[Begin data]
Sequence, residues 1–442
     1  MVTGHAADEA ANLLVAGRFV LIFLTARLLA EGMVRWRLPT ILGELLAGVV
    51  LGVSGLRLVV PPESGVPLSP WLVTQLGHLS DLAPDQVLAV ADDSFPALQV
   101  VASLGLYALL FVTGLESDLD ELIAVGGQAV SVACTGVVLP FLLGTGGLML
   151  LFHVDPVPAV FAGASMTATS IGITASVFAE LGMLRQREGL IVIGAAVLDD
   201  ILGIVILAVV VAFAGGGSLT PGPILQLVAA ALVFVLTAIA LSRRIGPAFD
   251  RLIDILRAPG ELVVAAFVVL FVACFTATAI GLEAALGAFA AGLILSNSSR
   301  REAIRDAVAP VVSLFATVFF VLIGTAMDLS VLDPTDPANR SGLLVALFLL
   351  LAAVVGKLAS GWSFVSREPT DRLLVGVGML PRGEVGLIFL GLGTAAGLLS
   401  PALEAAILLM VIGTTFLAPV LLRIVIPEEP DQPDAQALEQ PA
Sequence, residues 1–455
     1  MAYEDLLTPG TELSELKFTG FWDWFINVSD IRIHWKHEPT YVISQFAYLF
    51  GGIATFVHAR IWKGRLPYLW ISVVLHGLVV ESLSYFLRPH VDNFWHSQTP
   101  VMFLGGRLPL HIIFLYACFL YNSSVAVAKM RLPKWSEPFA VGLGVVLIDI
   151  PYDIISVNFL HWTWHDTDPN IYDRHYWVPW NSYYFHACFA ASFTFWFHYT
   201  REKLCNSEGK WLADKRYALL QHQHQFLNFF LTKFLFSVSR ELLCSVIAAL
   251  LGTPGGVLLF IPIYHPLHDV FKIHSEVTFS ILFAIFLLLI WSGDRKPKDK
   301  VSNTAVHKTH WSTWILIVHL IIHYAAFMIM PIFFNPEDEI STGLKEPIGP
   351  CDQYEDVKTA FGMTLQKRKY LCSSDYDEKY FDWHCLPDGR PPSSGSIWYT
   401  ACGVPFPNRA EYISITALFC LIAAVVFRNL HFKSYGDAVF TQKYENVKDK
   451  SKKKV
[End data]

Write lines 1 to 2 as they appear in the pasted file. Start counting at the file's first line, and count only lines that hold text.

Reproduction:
Sequence, residues 1–442
     1  MVTGHAADEA ANLLVAGRFV LIFLTARLLA EGMVRWRLPT ILGELLAGVV